(S)Exploring Disability, PhD Research, University of Warwick (ESRC, 2008-2011)
Bringing together critical disability studies (CDS), sociology, and critical sexuality studies with a range of feminist, queer, post-structural, and postcolonial approaches, my doctoral research explored the complex ways in which disabled men and women managed and negotiated their sexual and intimate lives, selves, and bodies in the context of dis/ableist cultures where they are, as Brown (1994: 125) states, assigned the paradoxical social categories of ‘asexual, oversexed, innocents, or perverts’. Quite simply, the research traced the intricate ways in which dis/ableism contours sexual and intimate life for disabled people; what these systems of power mean in the context of disabled (hetero)sexual lives; and – most importantly of all – how these “play out” in the material lived lives of disabled people.
Embedded in narrative theory and echoing initiatives found in feminist, anti-racist and, of course, disability research methodologies, the impetus was to facilitate a platform from which disabled people could tell their own sexual stories. Thus, the intention was to situate disabled people’s own voices and lived experiences amongst the myriad of stories already told about their lives by “experts” in order to disrupt the paternalistic, professional, patriarchal, and dis/ableist discourses which routinely pathologise, medicalise and psychologise disabled people’s (sexual) lives and bodies (Shakespeare et al 1996; Siebers 2008). Due to the ways in which “collecting” disabled people’s stories for the purposes of research couldn’t be detached from the ways in which their lives and bodies are routinely objectified, harmed and denied privacy through oppressive social and cultural practices (Sandahl 2003), it was imperative that the research process – how to collect stories, how to treat them and what to do with them – be decided, developed and designed with disabled people. Therefore, the research process was co-managed by a Research Advisory Group (“The Rag”…) of local disabled people, and forged relationships with various local and national community-based stakeholders.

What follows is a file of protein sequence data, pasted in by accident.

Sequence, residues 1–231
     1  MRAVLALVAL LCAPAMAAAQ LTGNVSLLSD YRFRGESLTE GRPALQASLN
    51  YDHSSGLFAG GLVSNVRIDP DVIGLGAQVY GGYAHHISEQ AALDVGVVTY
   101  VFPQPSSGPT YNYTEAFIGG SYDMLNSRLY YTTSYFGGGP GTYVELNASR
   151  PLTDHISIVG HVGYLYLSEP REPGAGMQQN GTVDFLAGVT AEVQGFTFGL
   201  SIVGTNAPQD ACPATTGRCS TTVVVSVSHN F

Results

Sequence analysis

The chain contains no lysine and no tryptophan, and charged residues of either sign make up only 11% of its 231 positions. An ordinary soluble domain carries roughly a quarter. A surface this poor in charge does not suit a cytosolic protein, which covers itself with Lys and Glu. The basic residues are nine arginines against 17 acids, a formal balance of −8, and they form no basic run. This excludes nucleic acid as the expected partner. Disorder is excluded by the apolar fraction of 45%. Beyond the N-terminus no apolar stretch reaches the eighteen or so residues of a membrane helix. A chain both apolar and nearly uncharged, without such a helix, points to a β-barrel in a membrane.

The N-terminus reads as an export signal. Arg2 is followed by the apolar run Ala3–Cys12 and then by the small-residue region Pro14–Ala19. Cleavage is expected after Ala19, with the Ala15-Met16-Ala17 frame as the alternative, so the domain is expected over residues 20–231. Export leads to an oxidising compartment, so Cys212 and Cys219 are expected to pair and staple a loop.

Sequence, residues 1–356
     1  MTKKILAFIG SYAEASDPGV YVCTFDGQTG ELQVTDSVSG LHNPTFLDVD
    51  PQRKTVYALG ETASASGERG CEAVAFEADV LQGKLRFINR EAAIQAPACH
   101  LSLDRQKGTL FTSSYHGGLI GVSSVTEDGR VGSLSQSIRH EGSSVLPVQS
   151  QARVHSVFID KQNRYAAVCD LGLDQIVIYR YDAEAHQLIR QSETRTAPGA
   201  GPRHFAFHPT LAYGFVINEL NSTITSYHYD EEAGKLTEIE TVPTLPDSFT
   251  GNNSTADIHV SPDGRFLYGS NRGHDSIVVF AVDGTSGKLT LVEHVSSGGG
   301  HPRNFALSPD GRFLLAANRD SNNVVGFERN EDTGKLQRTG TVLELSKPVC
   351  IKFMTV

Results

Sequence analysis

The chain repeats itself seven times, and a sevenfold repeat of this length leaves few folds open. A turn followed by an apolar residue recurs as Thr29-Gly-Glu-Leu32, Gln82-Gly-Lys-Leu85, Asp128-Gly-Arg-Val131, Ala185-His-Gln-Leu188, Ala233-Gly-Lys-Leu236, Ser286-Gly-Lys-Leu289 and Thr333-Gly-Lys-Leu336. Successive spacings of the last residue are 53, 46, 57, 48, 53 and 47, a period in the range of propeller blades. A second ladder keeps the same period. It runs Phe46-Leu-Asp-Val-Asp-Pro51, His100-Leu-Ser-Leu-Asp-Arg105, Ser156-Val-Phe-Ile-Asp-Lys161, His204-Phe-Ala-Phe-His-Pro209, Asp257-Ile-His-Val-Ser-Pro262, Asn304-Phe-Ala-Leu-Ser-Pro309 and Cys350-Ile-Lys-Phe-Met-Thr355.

The ethics of narrative – of asking (disabled) people to tell intimate and sensitive stories – required an intricate multi-method and multi-format methodology (co-designed with The Rag) which enabled informants to tell their sexual stories through a variety of research methods and alternative formats (in person; writing a journal; via email), including via new social technologies (e.g. MSN; Skype). Coincidentally, it was the materiality of my own impaired body – a body which routinely experiences restricted mobility, fatigue and pain – combined with my deep frustrations of living in an ableist social world which projects and thus perpetuates ‘a corporeal standard’ when it comes to bodies (Campbell 2009: 44), which informed the decision to facilitate data collection methods which were not only accessible, but sensitive to informants’ own bodily experiences and interactions with disabling environments.
To read more about the process of this research, download my article Reflections on the Process of Researching Disabled People’s Sexual Lives from here. Alternatively, to read publications written from the findings from the research, see here. You can watch a short film about the research here.